Pulling the Trigger Q&A

7.9

39 ratings

20,908 views

Article
Beginner
4

Alan Farley

24 Feb, 2005

in Swing & Position Trading and 1 more

Do you have trouble pulling the trigger? If so, you're not alone. Greed and fear exert a powerful influence when the time comes to enter the trade. This is especially true for newbies who have great difficulty visualizing the rewards or risks they're about to incur.

Effective trade entry requires skill, confidence and a strong stomach. Most of the time it should be an uncomfortable experience; no one likes to lose money. But the ability to follow a disciplined entry plan, even when it hurts, separates profitable traders from the hordes of losers who take up the game.

I receive dozens of questions each year from frustrated traders who aren't sure when to be in or out of positions. I've compiled the best ones here today, along with advice about helpful ways to enter the market with confidence.

Q - I get confused about the elements needed to make a trade. How can I tell when to pull the trigger?

A - What you really need is experience so you can correlate your decision to pull the trigger with the final outcome of the trade. Keep in mind that trade entry isn't an all-or-nothing affair. You can size your positions on the basis of levels of confidence and experience. Small lots do a great job in this regard.

Concentrate on aggressive trade management after entry, and you won't get hurt too badly. After all, it's just an odds game. Nothing more and nothing less.

Q - I have a good vision of the trade and where it's likely to go, but then I second-guess myself and miss the entry. How do I overcome this?

A - This is a common dilemma, and nothing I can say will really help. Either you'll find the discipline to act or you won't. Part of the problem comes from not trusting yourself, while the rest is a lack of confidence. Most new traders can't find the discipline to act when they need to act, and that's one reason the failure rate is so high.

If you haven't done so already, take the psychology route and read Mark Douglas' excellent book The Disciplined Trader.

Q - I'm a new trader. I watched a stock go to my entry price and take off, but I didn't buy it. So I entered it at higher price but it reversed and I lost money. What should I do next time?

A - Unfortunately, you're not going to believe me when I say chasing stocks will probably be your downfall. Sooner or later you'll kick yourself for missing a trade that would have worked if you'd just chased it. So you'll do it anyway and get caught in a reversing market once again.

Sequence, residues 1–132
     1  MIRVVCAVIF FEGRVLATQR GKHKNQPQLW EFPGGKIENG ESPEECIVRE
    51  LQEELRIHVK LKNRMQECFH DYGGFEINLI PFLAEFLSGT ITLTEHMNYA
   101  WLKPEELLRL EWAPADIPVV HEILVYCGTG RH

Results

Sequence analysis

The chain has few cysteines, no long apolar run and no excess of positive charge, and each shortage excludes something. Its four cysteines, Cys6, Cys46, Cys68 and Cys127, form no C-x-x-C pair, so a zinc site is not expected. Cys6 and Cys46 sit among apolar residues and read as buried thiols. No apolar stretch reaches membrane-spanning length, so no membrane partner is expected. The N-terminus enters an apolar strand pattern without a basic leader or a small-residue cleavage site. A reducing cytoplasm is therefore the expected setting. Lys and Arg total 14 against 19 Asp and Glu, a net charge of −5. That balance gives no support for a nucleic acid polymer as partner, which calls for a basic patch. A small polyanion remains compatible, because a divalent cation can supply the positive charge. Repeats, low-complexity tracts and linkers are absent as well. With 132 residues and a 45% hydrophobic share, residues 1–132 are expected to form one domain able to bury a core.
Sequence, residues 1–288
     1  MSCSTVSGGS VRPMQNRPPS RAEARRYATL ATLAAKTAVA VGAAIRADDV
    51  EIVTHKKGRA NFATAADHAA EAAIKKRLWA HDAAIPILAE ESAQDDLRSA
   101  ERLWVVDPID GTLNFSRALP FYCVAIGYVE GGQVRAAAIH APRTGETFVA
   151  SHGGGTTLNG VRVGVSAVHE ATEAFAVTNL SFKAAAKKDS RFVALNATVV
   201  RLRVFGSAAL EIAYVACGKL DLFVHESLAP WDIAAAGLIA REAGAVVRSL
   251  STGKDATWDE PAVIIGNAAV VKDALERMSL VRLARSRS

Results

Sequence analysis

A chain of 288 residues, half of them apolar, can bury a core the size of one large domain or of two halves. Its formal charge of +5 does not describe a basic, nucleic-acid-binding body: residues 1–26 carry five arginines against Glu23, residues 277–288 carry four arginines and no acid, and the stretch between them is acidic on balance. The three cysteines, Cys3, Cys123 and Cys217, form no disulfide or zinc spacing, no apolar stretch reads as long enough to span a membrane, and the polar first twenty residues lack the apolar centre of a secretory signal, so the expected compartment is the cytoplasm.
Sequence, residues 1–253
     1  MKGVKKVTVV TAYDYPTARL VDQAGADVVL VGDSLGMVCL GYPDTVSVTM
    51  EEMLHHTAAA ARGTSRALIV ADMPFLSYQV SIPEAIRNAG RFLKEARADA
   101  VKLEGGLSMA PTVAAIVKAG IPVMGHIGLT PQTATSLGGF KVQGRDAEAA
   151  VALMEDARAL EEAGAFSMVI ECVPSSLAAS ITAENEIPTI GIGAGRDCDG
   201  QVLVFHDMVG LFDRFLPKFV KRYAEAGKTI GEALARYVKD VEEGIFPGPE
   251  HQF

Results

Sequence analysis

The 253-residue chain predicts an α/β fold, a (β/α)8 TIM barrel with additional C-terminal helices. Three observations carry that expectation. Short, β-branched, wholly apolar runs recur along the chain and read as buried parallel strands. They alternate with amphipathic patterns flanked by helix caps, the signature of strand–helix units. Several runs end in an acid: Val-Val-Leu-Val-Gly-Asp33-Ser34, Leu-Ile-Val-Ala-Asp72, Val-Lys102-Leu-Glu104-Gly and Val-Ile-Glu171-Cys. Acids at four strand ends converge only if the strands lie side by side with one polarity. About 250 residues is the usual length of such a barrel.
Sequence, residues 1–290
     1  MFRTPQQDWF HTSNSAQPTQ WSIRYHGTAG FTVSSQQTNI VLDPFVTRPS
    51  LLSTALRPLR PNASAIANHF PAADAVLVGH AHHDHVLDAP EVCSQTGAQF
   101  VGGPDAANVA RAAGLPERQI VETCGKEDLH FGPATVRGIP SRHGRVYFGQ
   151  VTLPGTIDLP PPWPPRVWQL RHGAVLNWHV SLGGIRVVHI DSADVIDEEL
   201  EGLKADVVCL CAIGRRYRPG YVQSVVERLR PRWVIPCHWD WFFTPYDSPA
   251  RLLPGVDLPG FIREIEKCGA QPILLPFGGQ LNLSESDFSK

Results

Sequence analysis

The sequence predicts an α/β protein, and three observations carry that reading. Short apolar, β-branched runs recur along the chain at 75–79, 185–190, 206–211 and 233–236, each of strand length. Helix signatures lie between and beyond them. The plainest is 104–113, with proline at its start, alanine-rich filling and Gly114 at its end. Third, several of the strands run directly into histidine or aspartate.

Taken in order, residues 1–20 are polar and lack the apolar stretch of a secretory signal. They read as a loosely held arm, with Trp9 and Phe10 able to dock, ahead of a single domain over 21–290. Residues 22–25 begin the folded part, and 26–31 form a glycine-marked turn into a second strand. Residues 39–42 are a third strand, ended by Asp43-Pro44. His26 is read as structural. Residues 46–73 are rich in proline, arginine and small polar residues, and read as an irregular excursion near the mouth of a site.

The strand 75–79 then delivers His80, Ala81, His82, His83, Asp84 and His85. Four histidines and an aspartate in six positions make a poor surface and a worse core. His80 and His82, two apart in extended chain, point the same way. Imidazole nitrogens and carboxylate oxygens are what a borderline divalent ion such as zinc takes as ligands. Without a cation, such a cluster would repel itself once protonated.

Q - I've decided to enter positions only (1) in congestion before a breakout or breakdown, or (2) on a pullback. My stops are very tight. Is this too timid or am I finally learning how to trade?

A - The market environment dictates the trade entry process. New traders develop great discipline by doing exactly what you're doing. But there will also be times to get aggressive because the market is offering low-hanging fruit.

Successful trading is all about executing strategies that take advantage of current conditions. The trick is to pay attention to what the market is telling you on a given day, and then act accordingly.

Q - Many books recommend not buying or selling during the first hour. What's your opinion on this topic?

A - It's more fun to play the piano with all 10 fingers. I like to trade the first hour, but only if the opportunity is right. I agree on avoiding the open most of time, but there are two strategic problems. First, amateurs should avoid the open, but experienced traders can overcome the increased risk through specific entry techniques.

Second, there is a big difference between the opening and the entire first hour. The longer period often produces a buy or sell signal that marks a profitable opportunity to enter the market.

Q - Should I avoid buying a stock that hits my entry price when the market is about to close and the stock is near its lows?

A - It's a bad idea to buy stocks near their lows during the last hour. The primary trend often kicks in with full force during this time, and you don't want to fight it. Closing at or near the lows is also a prelude to gap downs or breakdowns from support levels the next morning.

Q - What's a better entry: buying the breakout or waiting for a pullback?

A - Neither is better. The pullback has lower risk, but you may not get filled. Entering the breakout has high risk, but you can make money when it works. One common mental error is to get upset because you miss a move. If you get caught up in this, you'll have trouble developing good timing in general.

The best method for new traders is to wait for pullbacks unless the broad market is very dynamic. If you don't get filled, it's no big deal and you don't lose money.

You need to be logged in to post comments or rate this article.

Baruch;213155
A good thread.


really, where did it go this 5 year old re-cycled article's thread?

Sep 20, 2009

Registered User (5613 posts)

A good thread.

Oct 17, 2005

Member (1450 posts)

Can you? Or can you not? Why? The answers are simple. You either don't know what you are doing or you are risking too much. It does not get any more simplistic. YOU CHOOSE WHY YOU DON'T TRADE!

Or is it both?

There is one factor that could differentiate......money management! Not that the average 'bone head' would know the difference. But, believe it or not, two people can be successfull traders with different money management techniques, but, none would risk more on average.

Oct 12, 2005

Banned (1157 posts)

Loading...